A Message for our Guests:

Early in Gregory Cajete’s Look to the Mountain, his seminal work describing the ecology of indigenous education, he said, "One of the most important elements of Indigenous teaching and learning revolves around ‘learning how to learn.’ Learning how to learn is a key element in every approach to education. Therefore, the cultivation of the human capacities of listening, observing, experiencing with all one's senses, developing intuitive understanding, and respecting time-tested traditions of learning naturally formed the basis for skills used in every process of Indigenous learning and teaching."

Teaching and learning these human capacities can be dramatically enhanced by moving beyond the traditional classroom out into the natural environment. One of the better ways to provide some structure and rigor to that experience is to engage students in planning, growing, harvesting and eating the products of a school garden. If it is well organized and implanted, a school garden provides not only valuable lessons about gardening, but it also provides a hands-on opportunity to implement the lessons of traditional classroom topics, such as mathematics, biology and ecology, history, language, sociology, and climatology. The school garden experience can also strengthen the bonds of students with their families and community because successful group gardening also requires collaboration, mutual respect, curiosity, effective communication, cooperation, inclusion, and many other social skills.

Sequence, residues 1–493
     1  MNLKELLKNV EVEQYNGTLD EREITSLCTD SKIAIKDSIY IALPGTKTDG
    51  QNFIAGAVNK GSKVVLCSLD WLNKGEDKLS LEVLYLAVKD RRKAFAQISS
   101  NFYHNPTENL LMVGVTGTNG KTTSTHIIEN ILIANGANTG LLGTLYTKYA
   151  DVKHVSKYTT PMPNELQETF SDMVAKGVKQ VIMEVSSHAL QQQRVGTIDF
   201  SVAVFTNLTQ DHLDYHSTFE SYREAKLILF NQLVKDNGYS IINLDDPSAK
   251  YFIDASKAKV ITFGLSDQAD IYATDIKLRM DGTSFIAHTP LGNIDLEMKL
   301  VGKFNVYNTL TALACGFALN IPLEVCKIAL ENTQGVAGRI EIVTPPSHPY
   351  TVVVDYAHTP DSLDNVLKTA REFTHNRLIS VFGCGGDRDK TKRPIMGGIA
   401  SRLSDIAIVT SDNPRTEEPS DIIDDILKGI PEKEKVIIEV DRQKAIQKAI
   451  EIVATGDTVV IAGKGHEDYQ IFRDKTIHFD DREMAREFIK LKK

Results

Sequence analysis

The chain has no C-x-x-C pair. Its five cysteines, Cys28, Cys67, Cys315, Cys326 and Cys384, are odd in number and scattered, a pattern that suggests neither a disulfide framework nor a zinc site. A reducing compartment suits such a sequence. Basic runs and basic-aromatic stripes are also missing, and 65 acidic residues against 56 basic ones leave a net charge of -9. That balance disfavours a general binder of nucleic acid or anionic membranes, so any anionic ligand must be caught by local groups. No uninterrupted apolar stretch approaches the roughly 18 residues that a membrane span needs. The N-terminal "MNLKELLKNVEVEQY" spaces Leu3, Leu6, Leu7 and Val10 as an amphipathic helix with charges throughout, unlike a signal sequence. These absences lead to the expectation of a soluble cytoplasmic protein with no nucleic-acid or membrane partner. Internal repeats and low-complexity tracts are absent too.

This web site is designed to provide educators with school garden best practices, planning tools, content and funding resources, and sample curricula for the development of place and situation specific school garden programs. The site collects in one place many of the best examples of successful school gardens, and the learnings that went into producing those successes. A special focus of this material is on school garden programs for First Nations teachers and students, but much of the gardening approaches apply just as well to non-indigenous as to indigenous learners.

We hope you will find this resource useful. We would appreciate any feedback you can provide, as well as information on other materials which should be added to this web site. Best wishes for a successful teaching experience in your school garden.

Please see top menu for content.